Even though there’s nothing shocking about the health care reform bill currently under debate on the Senate floor, say Employee Benefit Adviser’s reform watchers, there remains much room for improvement.

The Council of Insurance Agents & Brokers is greatful for the exclusion of proposed legislation found in the House bill that would have potentially repealed health and medical malpractice insurers’ antitrust protection and permitted the Federal Trade Commission to prepare studies and reports on the industry. “The good news was seeing the exclusion of McCarran-Ferguson and FTC provisions that could have been significantly harmful to the insurance industry — and we’re grateful for the efforts of Sen. Ben Nelson on this front,” says Joel Kopperud, The Council’s director of government relations.

While Kopperud has “little doubt” that reform will pass this year, the final shape of the bill is “very much up in the air.” Specifically, it “needs clarification regarding the role of brokers in state exchanges on several fronts — particularly defined compensation models and the role we would play as exchange navigators,” he says.

Obstacles to the bill passing the Senate include highly contentious abortion and immigration language, “sideshows” that Kopperud hopes will fade in favor of a real discussion over the issue of cost containment, which he’d like to see “re-emerge as the primary driver of the legislation.”

The Senate bill met the expectation of the Association of Health Insurance Advisors that it would be an improvement over the House bill, but lingering areas of concern include the inclusion of the CLASS Act, long-term care legislation that “creates a sense of false security,” and potential “devastating results of allowing individuals to purchase coverage after they are ill or injured — essentially leaving everyone in the system ‘on claim,’” says Diane Boyle, executive vice president, AHIA-NAIFA Health & Employee Benefits.

Skeptical of the Congressional Budget Office’s estimate that the bill would cost $849 billion over 10 years to cover 31 million uninsured and reduce the federal budget deficit by $127 billion, Dave Lapka, president of logistics consulting company D360, believes it disguises taxpayer costs rather than clarifies them. “Realistically, even federal budgets are done on a yearly basis, this scoring involves 10 years of taxpayer funding but only seven years of service provision,” he says. “I'd like to see annual breakouts of cost versus benefit payout. That will be the reality of this bill's impact.”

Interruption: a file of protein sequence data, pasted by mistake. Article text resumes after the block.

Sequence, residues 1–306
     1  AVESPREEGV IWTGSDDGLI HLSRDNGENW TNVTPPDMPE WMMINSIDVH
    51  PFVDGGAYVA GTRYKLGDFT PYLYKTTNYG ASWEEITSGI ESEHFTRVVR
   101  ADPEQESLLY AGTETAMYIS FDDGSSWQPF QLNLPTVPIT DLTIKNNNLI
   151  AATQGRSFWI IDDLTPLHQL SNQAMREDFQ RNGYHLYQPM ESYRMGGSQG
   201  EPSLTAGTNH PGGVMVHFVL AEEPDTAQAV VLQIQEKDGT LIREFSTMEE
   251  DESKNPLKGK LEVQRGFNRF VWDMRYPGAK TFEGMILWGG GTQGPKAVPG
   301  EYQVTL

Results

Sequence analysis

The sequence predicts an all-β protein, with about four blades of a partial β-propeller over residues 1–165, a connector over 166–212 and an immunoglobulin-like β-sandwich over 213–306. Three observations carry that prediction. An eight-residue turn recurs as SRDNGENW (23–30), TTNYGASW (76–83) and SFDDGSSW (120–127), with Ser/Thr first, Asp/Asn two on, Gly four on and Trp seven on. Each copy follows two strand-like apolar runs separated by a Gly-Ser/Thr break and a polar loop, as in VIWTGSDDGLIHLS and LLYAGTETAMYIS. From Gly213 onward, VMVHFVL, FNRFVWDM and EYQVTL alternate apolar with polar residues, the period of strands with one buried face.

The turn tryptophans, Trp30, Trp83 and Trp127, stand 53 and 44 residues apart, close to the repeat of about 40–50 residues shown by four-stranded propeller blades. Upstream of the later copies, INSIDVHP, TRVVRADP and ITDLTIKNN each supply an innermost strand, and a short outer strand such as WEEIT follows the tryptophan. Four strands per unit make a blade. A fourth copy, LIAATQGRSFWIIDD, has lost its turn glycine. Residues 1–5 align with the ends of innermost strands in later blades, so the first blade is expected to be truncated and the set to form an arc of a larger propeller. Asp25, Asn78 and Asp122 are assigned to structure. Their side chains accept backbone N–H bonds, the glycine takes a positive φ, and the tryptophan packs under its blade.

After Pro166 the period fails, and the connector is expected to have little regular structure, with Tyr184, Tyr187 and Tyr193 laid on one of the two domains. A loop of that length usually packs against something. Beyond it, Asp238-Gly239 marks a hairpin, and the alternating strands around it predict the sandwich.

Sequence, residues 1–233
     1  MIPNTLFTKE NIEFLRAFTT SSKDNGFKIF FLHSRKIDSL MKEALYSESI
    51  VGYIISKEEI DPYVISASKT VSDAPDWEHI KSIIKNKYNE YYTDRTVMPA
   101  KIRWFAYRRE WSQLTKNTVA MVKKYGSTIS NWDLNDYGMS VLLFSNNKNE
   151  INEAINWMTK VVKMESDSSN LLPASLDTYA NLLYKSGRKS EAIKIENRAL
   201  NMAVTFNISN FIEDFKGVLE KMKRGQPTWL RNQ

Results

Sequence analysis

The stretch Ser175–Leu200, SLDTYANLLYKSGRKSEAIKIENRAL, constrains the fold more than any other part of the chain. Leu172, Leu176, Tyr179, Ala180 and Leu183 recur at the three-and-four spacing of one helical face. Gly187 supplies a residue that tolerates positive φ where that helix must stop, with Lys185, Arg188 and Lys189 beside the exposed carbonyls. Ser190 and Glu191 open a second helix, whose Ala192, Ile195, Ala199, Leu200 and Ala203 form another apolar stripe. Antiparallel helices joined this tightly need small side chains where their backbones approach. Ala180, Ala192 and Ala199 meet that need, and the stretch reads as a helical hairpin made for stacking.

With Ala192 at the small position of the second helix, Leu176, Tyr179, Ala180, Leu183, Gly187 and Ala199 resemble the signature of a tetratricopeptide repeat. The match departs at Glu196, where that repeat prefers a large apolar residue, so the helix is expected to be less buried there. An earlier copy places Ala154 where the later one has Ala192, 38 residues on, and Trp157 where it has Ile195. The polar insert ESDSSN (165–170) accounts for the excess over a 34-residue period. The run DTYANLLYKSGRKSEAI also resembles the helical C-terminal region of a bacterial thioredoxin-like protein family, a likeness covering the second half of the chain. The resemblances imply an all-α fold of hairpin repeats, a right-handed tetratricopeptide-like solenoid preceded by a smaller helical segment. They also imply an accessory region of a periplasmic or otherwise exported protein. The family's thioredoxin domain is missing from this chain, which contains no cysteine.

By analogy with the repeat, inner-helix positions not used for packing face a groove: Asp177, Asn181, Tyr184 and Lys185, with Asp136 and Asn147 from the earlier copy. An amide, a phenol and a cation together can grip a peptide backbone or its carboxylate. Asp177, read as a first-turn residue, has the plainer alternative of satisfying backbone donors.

Director of the Shupe Center for Healthcare Reform and President of Tennessee benefits consulting firm ESPinc, Bob Shupe sees the legislation as more of a “watered down version” of the House bill designed to get enough votes for passage, and is also concerned about the reliability of the CBO score: “Keep in mind that these are the same estimators who said in 1965 that Medicare would cost $60 billion in the 1990s.”  

Also citing the initial Medicare cost projections against actual expenditures as “a picture of what this reform could do to our country,” Tom Schuetz, co-president of Iowa’s Group Services, calls the legislation “a very subtle march toward government control of health care.”

However, as a supporter of universal health care, Kris Marohn, administrator with Texas-based McCall, Parkhurst & Horton L.L.P., contends the bill “needs more teeth.” As for a proposed individual mandate with a fine for noncompliance that will grow from $95 in the first year to $750 by 2016, “the fine will be cheaper than the insurance. That system won’t fly,” says Marohn. Neither will the option for each state to opt out of a government-run plan: “I don’t believe there should be an ‘opt-out’ provision. We need the public option so that everyone in America can get health care.”

Kopperud agrees that the individual mandate needs improvement. “The mandate was weakened in the legislative process to ensure that working class citizens were not unduly penalized for not purchasing unaffordable plans,” he says. “Rather than weakening the penalty, the focus ought to be on increasing affordability. This is achieved by widening the age-based premium variation cap to a 5:1 ratio rather than the 2:1 ratio.”

Although the bill is a “terrific work of consolidation,” it does not adequately address systemic issues of lack of coordinated care, engagement and management, says Cyndy Nayer, president of the Center for Health Value Innovation. Nor does it focus enough on outcomes, she adds. With the year coming to a close, Nayer believes it will be “well into the second quarter of next year” before President Barack Obama has a bill to sign, citing his State of the Union address and February financial indicators as potential obstacles.

This story has been reprinted with permission from Employee Benefit Adviser.

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